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Published January 2nd, 2013
When Elder Parents Resist Your Suggestions
By Linda Fodrini-Johnson, MA, LMFT, CMC
Linda Fodrini-Johnson is a licensed marriage, family and child counselor, a certified care manager, and is the executive director of Eldercare Services. She is an advisor on the new Lamorinda Village Task Force that will assist seniors to stay in their own neighborhoods and homes.

Have you experienced the following? You know that Mom or Dad is having problems, although he/she denies it, and won't let you help. You suspect he or she is not getting groceries, not eating well, and not going to medical appointments. When you make suggestions about getting help, your mom or dad refuses and makes excuses. When you come for a visit, he/she "doesn't want to bother you," or says "maybe later" or "I'll think about it." You leave worried and frustrated.
Sometimes learning a different approach can make all the difference in achieving the results you would like for your parents. Success happens most often when families respect the elder's right to make decisions and when all suggestions made are in line with the values of the elder. It is so easy for adult children to want something better for their parent or choose services or housing that appeals to their own likes without taking into account the parent's value system or needs.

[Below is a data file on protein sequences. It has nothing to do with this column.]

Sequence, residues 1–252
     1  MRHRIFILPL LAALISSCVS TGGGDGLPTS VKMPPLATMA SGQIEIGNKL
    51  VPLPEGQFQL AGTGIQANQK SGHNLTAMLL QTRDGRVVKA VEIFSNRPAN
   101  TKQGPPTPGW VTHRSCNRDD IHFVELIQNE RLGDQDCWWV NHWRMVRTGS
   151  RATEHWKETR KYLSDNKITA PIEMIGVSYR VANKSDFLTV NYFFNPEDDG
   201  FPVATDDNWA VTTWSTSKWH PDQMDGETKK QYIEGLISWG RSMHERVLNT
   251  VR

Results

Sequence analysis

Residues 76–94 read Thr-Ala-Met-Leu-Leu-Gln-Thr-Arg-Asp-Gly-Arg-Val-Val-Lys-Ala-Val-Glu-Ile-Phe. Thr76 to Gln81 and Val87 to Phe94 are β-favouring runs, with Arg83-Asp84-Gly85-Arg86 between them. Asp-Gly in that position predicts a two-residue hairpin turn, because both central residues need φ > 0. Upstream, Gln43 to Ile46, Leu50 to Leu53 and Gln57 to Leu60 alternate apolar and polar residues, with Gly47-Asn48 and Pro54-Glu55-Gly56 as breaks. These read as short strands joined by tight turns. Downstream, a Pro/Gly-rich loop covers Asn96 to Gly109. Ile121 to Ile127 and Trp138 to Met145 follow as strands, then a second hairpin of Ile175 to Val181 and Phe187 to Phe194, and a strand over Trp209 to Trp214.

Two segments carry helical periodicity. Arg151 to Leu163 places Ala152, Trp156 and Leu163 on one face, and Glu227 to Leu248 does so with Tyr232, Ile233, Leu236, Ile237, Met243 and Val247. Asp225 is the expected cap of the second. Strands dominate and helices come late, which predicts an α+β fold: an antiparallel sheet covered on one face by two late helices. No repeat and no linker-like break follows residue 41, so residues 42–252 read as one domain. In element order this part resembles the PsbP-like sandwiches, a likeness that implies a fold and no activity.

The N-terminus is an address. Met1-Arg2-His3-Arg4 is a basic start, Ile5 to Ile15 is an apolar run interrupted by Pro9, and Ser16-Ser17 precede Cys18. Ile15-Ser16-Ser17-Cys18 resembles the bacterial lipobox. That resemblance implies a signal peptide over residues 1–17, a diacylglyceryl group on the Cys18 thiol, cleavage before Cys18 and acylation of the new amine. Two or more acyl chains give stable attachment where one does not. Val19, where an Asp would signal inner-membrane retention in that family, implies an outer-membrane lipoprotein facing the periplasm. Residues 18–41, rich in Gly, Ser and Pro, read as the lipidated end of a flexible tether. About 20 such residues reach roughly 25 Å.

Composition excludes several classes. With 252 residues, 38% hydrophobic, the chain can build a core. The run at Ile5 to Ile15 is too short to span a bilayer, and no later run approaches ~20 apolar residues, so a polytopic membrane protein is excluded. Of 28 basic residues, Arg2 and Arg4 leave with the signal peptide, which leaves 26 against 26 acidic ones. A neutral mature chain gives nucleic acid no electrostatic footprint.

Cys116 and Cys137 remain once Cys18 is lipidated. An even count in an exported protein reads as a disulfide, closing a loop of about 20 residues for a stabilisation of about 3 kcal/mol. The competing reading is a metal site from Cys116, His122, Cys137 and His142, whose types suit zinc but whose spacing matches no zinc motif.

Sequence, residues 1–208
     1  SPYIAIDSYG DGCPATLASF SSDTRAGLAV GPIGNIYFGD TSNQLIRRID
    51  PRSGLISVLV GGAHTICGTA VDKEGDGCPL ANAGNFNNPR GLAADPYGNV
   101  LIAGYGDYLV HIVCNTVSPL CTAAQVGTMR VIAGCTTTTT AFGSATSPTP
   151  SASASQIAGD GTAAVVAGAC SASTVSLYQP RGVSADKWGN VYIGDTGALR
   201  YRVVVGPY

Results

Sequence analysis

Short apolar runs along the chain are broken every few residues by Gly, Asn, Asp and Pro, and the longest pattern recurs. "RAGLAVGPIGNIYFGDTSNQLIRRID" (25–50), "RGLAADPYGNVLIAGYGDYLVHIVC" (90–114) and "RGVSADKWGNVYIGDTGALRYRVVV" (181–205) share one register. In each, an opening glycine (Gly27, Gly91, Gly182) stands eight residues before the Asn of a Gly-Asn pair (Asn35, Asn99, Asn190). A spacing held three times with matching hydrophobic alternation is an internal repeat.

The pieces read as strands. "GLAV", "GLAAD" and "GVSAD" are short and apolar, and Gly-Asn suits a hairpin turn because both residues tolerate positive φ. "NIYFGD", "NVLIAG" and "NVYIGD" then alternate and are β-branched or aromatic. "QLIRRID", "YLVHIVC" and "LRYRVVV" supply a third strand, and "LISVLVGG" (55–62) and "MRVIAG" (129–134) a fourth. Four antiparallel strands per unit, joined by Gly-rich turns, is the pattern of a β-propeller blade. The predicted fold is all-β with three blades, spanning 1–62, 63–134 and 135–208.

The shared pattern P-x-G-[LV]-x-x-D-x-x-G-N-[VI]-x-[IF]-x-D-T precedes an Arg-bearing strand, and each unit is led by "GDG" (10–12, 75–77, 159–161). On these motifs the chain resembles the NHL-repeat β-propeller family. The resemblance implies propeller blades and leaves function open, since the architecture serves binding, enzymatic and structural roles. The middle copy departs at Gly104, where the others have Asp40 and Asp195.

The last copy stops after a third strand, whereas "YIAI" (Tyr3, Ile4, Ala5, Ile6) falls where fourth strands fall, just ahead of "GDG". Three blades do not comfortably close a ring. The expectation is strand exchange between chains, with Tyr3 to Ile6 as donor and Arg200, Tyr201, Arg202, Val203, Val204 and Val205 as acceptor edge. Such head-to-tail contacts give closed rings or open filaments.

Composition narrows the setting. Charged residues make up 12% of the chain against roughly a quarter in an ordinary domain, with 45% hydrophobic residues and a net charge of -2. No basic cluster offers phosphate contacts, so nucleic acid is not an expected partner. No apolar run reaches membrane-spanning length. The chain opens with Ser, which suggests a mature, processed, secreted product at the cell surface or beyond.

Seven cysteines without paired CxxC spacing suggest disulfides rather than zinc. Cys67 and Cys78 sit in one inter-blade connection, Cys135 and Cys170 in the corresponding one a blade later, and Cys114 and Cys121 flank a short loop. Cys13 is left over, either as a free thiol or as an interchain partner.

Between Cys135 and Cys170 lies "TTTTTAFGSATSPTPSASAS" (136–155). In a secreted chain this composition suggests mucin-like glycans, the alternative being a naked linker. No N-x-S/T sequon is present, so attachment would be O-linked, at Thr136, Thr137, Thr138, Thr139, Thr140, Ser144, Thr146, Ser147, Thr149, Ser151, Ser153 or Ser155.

Here are some helpful tips:
1) Sometimes cost is the roadblock. You could pay the bill for the parent as a gift. All the siblings could chip in to pay for a driver or an emergency response system. It could be as low as $30 a month, or even a no cost government entitlement.
2) Negotiate: Avoid put-down language and sarcasm. Say, "I love you, even though we disagree on this."
3) Ask, "What is stopping you?" Often there is an unrealistic fear. Give factual answers without trying to "sell an idea."
4) Explain that you are worried, so Mom or Dad can feel that this is being done for your peace of mind, not because help is needed. Use "I" messages in your communication, not "You should."
5) Tell him/her: "Your family wants to spoil you."
6) If home care is needed, start small and increase the hours of help as tolerated:
- Reassure your parent about protecting his/her privacy, fear of strangers, and fear of losing control.
- Let your parent choose the day of the week and the time of day for help to come.
- Hire a professional geriatric care manager to assist with the transition and supervise the quality of help.
- If the resistance appears to be from a cognitive deficit, dementia or mental health problem, talk it over with your parent's doctor. It could indicate that you will need legal assistance to take over the decision making process for your parent. If you are seeing neglect and feel your parent's health or well-being is at risk, you might need to call Adult Protective Services.
Loving a parent, respecting his or her dignity, finding the right combination of services to support quality of life and doing so without guidance and support, can be a journey of frustration.
For further information about professional geriatric care managers or to find a care manager in your local area, contact The National Association of Professional Geriatric Care Managers (NAPGCM) at:www.CareManager.org or visit www.EldercareAnswers.com.


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